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Black-throated Blue Warbler

Setophaga caerulescens

Length: 5.25 inches Wingspan: 7.25 inches Seasonality: Migrant
ID Keys: Male has blue upperparts, a black throat, face and sides, and white underparts with a white wing spot.  Females plainer, but also with white wing spot.

Black-throated Blue Warbler - Setophaga caerulescensThe Black-throated Blue Warbler is a common migrant in the eastern United States, but is normally only a rare stray west of the Mississippi.  The males are striking and distinctive, with dark bluish upperparts, a black face and throat, and white underparts.  Females are much plainer, with a olive-gray body.  They are often more easily observed than many warblers due to their tame nature and tendency to forage low in the forest undergrowth or along forest edges, although that dense undergrowth sometimes makes spotting a bird difficult.


Uses large tracts of deciduous and deciduous/conifer mixed forests for breeding, especially if there is a dense shrubby undergrowth.  During migration, they also are most often found in forested and brushy locations.  In the winter, they are found in dense tropical forests as well as more open areas such as fence rows and suburban areas.


In summer, primarily feeds on insects and spiders.  In winter, insects still make up a large portion of the diet, but they also will feed on fruits, berries, seeds, and nectar.


Forages deliberately in the canopy, taking insects from the surfaces of leaves and branches, hovering and gleaning insects from vegetation, or occasionally flitting out to capture insects in mid-air.


Non-breeder in South Dakota. On their breeding grounds, Black-throated Blue Warblers nest in dense forest undergrowth, selecting a nest site in a thickly vegetated shrubby site, or small low in a small tree. The nest is a small cup, constructed of grasses, strips of bark, and other vegetative material, often bound with spiderwebs, and lined with finer rootlets, hair, and grasses. The female lays between 2 and 5 eggs, and she alone incubates them. The young hatch after about 12 days, and fledge from the nest about 10 to 12 days after hatching.

Interactive eBird Map:

Click to access an interactive map of Black-throated Blue Warbler sightings


The song is a buzzy, hoarse zhurr-zhurr-zhurr-zhree, with the last note higher.  The call note is a soft tsip. 

1Click here to hear the song of a Black-throated Blue Warbler

2Click here to hear the call of a Black-throated Blue Warbler


 Summers in the Appalachians, New England, the Great Lakes region, and southeastern Canada.  Winters in southern Florida and the Caribbean. In South Dakota they are very rare migrants, with sightings in both the spring and fall months.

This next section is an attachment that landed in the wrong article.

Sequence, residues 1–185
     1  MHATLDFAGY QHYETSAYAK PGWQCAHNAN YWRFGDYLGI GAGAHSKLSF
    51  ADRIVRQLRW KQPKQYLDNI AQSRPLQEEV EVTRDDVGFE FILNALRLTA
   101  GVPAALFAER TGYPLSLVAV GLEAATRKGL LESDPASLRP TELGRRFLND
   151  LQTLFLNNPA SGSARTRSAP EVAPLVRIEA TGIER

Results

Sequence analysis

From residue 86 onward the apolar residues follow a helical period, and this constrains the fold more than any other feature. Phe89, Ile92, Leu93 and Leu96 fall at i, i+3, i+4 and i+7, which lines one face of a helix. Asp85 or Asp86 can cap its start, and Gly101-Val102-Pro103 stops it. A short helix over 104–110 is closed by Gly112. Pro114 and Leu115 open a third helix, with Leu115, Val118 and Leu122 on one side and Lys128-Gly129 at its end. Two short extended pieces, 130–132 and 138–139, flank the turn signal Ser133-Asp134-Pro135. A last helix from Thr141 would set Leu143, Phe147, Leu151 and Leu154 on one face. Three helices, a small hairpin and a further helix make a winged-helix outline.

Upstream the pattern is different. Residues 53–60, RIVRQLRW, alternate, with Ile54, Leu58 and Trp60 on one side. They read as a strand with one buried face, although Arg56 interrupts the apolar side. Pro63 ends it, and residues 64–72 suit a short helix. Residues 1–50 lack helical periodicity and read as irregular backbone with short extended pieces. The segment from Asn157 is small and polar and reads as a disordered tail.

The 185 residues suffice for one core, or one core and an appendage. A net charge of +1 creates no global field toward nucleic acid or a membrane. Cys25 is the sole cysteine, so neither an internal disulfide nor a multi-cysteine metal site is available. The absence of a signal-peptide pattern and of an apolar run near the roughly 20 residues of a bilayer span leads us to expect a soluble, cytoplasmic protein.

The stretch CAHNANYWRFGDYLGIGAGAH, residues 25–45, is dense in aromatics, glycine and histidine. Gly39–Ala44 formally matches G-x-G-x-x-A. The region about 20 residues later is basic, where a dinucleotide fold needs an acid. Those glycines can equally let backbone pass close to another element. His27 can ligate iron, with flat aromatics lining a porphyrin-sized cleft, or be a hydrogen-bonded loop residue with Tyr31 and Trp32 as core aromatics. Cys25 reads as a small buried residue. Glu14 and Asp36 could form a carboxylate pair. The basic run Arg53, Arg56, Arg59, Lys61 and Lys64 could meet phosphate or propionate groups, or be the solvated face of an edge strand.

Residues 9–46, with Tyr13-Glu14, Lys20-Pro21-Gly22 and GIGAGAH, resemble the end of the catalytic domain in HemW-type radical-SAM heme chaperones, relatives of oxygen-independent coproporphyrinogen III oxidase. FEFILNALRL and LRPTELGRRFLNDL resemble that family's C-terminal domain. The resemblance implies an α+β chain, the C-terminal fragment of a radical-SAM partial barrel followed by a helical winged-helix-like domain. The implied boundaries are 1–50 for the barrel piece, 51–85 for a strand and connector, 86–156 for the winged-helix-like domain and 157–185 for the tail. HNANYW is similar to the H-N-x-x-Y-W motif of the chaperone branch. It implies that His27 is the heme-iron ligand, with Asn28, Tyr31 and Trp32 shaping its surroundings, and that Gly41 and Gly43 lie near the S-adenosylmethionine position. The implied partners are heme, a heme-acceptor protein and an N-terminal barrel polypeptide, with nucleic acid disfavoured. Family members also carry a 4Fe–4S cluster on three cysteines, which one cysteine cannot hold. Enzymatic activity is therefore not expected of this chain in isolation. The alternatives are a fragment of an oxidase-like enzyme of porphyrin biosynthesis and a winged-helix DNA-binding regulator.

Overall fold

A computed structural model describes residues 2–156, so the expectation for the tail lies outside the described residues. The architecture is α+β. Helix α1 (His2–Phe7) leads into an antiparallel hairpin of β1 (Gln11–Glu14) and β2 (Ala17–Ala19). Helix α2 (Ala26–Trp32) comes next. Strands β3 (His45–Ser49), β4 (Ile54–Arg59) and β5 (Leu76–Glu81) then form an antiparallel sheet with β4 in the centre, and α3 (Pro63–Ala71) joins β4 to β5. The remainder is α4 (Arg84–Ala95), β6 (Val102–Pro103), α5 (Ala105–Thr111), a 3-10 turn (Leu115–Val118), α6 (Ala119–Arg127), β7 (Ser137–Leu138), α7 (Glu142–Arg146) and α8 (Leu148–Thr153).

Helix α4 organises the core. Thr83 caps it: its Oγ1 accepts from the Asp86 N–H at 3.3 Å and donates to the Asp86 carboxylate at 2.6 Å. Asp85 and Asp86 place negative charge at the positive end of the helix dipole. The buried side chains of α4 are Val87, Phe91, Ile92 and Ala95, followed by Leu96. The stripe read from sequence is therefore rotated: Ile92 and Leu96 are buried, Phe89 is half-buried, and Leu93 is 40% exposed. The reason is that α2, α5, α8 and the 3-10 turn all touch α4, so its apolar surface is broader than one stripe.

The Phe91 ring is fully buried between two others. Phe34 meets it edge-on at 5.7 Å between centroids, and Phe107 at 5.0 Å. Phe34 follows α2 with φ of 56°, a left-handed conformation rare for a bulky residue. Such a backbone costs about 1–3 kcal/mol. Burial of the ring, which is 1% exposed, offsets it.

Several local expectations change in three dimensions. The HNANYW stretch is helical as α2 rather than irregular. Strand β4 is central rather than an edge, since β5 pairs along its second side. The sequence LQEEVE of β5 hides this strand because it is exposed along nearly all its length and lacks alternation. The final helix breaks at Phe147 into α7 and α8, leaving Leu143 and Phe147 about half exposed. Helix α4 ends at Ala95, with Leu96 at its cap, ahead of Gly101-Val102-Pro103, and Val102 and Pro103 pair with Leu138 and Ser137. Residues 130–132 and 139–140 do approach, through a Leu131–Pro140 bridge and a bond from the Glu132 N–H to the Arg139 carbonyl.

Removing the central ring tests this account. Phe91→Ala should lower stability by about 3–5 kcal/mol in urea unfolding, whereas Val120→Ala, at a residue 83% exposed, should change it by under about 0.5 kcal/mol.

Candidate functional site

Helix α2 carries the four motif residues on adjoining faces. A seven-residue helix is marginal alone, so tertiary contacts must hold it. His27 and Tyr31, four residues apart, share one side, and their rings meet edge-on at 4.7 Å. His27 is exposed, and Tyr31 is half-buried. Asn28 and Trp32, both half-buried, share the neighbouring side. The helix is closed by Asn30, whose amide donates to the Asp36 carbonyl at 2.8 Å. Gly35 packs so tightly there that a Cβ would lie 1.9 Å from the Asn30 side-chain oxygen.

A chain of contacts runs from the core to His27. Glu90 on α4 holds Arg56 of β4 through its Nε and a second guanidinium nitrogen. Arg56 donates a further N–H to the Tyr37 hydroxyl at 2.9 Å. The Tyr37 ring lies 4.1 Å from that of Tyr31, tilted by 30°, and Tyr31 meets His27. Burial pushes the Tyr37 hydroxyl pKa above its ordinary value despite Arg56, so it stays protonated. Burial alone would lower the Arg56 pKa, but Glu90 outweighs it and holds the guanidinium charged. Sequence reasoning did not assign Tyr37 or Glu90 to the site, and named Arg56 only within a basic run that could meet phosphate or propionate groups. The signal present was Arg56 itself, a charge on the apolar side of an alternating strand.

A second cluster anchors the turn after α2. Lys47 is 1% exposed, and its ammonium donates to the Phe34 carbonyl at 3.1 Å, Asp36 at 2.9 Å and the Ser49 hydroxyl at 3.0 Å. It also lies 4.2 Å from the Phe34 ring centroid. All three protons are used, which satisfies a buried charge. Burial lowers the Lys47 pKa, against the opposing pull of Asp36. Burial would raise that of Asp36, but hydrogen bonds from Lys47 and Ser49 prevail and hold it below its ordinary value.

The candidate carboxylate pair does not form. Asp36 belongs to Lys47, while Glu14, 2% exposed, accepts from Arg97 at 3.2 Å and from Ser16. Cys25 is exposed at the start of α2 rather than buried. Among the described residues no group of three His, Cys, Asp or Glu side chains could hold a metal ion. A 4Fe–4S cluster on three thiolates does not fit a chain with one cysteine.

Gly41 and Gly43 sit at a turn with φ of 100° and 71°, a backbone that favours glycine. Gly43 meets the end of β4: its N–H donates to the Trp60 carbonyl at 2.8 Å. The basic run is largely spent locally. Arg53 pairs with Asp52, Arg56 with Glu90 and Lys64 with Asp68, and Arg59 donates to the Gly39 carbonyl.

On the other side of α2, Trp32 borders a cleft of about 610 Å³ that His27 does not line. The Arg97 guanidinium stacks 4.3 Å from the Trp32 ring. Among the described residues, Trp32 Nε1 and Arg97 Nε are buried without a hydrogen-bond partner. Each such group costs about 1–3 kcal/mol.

Similar Species:

Males are generally distinctive, as there are few other small species with a similar color pattern. Female Black-throated Blue Warblers are more likely to be confused with other warbler species, as the female is far less colorful than the male, with a dusky, olivish-gray-brown color overall. The following species are those most likely to be confused with a Black-throated Blue Warbler:


Black-throated Blue Warblers have been known to occasionally come to feeders for suet and peanut butter in migration.  They also will occasionally feed on nectar offered at hummingbird feeders.

South Dakota "Hotspot":

Black-throated Blue Warblers are a very rare migrant in South Dakota, and thus there's no one place where you can "expect" to find the species. The best places to keep your eye out for them during migration are the large, wooded areas on the far eastern part of the state, including state parks such as Good Earth State Park, the Big Sioux Recreation Area, and Newton Hills State Park, heavily wooded riparian areas such as that along the Big Sioux River, or large wooded parks such as the Outdoor Campus in Sioux Falls.

Conservation Status:

They require large tracts of forest land for breeding, and have declined in parts of their range due to habitat fragmentation, particularly during the early 20th century when vast swaths of eastern forest in North America were cut. As forests have regenerated in many areas in subsequent decades, Black-throated Blue Warbler numbers have been increasing. The IUCN considers the Black-throated Blue Warbler to be a species of "Least Concern".

Further Information:

1) BirdWatcher's Digest - Black-throated Blue Warbler

2) WhatBird - Black-throated Blue Warbler

3) Audubon Guide - Black-throated Blue Warbler

Photo Information:

Photo taken on May 25th, 2012 near Acadia National park in Maine - Terry Sohl

Audio File Credits:

1Christopher McPherson. Recorded in Hillsborough County, New Hampshire on May 26th, 2019. Original recording and information available from xeno-canto.

1Christopher McPherson. Recorded in Hillsborough County, New Hampshire on June 3rd, 2019. Original recording and information available from xeno-canto.

Click on the map below for a higher-resolution view
Black-throated Blue Warbler  - Range Map
South Dakota Status: Rare migrant in the eastern part of the state, casual in the west.

Additional Black-throated Blue Warbler Photos
Click for a higher-resolution version of these photos 

Black-throated Blue Warbler 1 - Setophaga caerulescensBlack-throated Blue Warbler 2 - Setophaga caerulescensBlack-throated Blue Warbler 3 - Setophaga caerulescensBlack-throated Blue Warbler 4 - Setophaga caerulescensBlack-throated Blue Warbler 5 - Setophaga caerulescensBlack-throated Blue Warbler 6 - Setophaga caerulescensBlack-throated Blue Warbler 7 - Setophaga caerulescensBlack-throated Blue Warbler 8 - Setophaga caerulescens